A Florida pastor burned a Quran, an abortionist was murdered in the lobby of his church by a Christian, ongoing sex scandals of the Catholic Church revealed cover-ups, and a Baptist church continues to protest military funerals with “God hates you” messages.
To many, it is no wonder that such actions result in the very disrespect and intolerance that their acts ironically exemplify. One finds it difficult to not experience repugnance, and understandably, critics abound concluding that Christianity itself is intolerant, encompassing not only Christians like these, but the myriad who show intolerance on a daily basis due to fear or disagreement with others’ beliefs.
Miroslav Volf, founding director of Yale Center for Faith and Culture, says the dispute between the critics is “primarily about whether intolerance is a defining characteristic of these faiths or a profound distortion of them.”
Critics include many Christians who feel that by such acts these people have debased and profaned their own religion. Some feel these few invite or engender intolerance for all of their faith and also provoke inappropriate reaction toward and from the religious diversity of the United States.
The Quran-burning pastor claimed that burning his purchased copy of the Islamic holy book was a peaceful and appropriate way of condemning his understanding of radical Islam as a religion of violence. He has the protection of the courts and police with his actions considered freedom of speech. Despite his church’s beliefs about Islam, Jones said they are not Quran experts, and added that he would not consider himself an expert on the Bible. Yet he felt he had the right to speak for God and evangelical Christianity to condemn Islam, their holy book, and all their followers as enemies of the cross. Critics abhor such disrespect and say all faiths and cultures are to be treated with respect and are more likely to be responsive to the gospel where "God is going into their context" (Tom Doyle, Middle East-Central Asia director for e3 Partners).
The pro-lifer who killed a prominent abortionist defended his actions saying he “had to kill that others might live.” Reports state that Roeder honestly believed he was saving people from greater harm and was right because he was acting in protection and behalf of others (the preborn). Francis J. Beckwith, in Christian Research Journal, stated that “some abortion-rights advocates argue that it is simply wrong for anyone to ‘force’ his or her own view of what is morally right on someone else.” A common argument would be that you cannot expect to legislate morality, but proponents argue that if voters refuse to fight laws giving special protection to immoral acts or behavior, they are making it acceptable to legislate immorality. Roeder’s argument is based on one’s belief of whether or not the unborn is human. But does his argument overrule the biblical and legal laws stating “you shall not kill?” Did his honest belief of protecting defenseless infants give him the right to play God and take another’s life?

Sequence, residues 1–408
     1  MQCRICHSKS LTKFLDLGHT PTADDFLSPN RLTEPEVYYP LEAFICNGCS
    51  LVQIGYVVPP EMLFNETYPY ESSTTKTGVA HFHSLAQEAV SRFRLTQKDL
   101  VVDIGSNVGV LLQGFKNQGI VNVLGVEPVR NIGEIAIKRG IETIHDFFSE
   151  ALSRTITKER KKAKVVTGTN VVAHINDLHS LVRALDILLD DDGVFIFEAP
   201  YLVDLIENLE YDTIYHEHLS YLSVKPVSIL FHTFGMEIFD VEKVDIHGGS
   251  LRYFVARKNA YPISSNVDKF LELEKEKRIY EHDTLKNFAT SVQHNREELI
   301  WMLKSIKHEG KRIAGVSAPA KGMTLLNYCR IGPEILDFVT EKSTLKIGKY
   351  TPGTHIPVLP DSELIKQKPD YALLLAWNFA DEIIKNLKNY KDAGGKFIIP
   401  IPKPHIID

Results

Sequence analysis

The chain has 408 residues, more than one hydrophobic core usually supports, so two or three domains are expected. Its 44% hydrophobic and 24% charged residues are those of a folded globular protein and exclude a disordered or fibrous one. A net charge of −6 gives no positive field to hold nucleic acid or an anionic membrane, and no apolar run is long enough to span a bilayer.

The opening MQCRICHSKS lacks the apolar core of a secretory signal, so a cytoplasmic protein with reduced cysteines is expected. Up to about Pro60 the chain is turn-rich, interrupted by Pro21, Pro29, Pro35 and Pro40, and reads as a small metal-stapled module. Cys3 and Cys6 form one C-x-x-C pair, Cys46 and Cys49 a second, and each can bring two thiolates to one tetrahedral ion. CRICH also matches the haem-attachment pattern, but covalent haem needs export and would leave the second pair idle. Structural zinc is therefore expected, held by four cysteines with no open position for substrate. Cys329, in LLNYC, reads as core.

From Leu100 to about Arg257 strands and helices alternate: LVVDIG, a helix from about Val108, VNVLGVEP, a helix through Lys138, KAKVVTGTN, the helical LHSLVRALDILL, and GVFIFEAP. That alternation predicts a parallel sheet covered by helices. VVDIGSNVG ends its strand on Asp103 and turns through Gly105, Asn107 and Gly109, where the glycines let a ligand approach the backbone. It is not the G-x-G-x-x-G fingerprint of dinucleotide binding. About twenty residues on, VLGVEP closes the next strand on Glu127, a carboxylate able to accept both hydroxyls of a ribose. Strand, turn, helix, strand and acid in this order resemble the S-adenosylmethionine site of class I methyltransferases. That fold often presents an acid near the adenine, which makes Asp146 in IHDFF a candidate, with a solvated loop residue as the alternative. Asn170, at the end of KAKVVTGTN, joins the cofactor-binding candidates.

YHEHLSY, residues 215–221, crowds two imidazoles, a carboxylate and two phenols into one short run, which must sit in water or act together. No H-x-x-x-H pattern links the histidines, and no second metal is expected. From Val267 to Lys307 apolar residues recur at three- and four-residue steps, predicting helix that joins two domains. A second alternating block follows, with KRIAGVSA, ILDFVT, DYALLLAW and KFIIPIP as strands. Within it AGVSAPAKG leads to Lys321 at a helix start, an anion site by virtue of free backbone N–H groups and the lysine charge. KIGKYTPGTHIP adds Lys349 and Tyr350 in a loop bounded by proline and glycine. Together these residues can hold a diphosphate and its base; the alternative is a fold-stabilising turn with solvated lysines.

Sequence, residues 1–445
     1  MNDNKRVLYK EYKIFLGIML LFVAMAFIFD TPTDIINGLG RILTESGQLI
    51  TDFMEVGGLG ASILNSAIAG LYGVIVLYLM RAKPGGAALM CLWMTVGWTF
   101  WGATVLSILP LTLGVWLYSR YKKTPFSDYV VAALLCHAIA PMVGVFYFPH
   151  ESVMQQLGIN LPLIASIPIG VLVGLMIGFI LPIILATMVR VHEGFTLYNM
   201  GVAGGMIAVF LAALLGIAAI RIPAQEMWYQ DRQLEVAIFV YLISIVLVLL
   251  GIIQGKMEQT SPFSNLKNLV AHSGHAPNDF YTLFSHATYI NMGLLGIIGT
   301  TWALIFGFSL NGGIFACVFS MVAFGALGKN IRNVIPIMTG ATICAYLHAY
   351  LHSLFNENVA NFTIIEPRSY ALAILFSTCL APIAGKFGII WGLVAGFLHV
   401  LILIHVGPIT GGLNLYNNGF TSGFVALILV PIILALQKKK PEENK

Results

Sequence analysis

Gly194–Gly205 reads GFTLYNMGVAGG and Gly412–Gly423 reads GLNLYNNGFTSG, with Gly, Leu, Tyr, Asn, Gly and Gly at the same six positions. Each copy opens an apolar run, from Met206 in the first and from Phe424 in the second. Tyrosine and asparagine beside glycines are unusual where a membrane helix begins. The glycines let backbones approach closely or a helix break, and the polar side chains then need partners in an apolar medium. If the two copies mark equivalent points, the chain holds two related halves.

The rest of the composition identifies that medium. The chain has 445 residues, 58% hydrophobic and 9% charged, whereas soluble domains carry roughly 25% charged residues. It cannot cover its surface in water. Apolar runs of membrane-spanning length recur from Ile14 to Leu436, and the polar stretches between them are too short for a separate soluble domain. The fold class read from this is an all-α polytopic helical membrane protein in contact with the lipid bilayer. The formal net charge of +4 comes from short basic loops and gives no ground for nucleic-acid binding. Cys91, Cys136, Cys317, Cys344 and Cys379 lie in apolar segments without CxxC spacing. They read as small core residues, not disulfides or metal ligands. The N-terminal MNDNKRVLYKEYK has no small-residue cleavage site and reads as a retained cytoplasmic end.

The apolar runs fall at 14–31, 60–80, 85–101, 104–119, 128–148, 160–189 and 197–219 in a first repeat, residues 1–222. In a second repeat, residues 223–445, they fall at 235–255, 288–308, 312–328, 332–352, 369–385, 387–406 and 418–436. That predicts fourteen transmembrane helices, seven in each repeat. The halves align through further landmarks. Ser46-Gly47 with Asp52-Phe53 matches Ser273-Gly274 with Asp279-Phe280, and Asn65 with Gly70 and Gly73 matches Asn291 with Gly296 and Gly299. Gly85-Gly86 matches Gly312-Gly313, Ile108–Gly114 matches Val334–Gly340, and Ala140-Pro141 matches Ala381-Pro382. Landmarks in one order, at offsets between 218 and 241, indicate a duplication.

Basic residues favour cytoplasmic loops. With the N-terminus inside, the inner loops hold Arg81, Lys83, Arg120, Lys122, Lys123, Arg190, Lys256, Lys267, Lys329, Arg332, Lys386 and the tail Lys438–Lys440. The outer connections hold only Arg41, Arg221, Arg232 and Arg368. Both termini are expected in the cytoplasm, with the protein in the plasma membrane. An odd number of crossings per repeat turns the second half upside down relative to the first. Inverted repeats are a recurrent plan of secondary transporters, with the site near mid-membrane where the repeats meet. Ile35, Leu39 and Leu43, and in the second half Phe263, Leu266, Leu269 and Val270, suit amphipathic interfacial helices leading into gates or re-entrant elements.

According to AmericanCatholic.org, leaders of the Catholic Church are being investigated “to address the problems of pedophilia and cover-ups.” The religious body has acknowledged that not only had their spiritual leaders harmed the most vulnerable in their congregations, but trusted leaders harmed children by knowingly recommending abusive priests be reassigned, without ever warning the parishes and attempting to protect the innocent children who were subsequently also abused. Part of the moral of the story of the Samaritan is that a Christian isn't only responsible for what they do ... A Christian is also responsible for what they can prevent. A recent grand jury report concludes, "Apparent abusers – dozens of them, we believe – remain on duty in the Archdiocese, today, with open access to new young prey." How can such a lack of human respect not earn intolerance, fear, or mass defection?
Westboro Baptist church claims they “get to be the mouth of God” because their loud and offensive protests including slogans such as “thank God for dead soldiers” were recently declared by the U.S. Supreme Court to be protected by the First Amendment. Westboro members, who believe military deaths in Iraq and Afghanistan are punishment from God for America’s tolerance of homosexuality, only agreed to not protest at the funeral of the 9-year-old killed in the Arizona shootings in exchange for airtime on two radio stations. Are they holding America hostage through the liberal freedom of speech law? Since their intolerance is legal should other groups rise up and return similar inhumane behavior?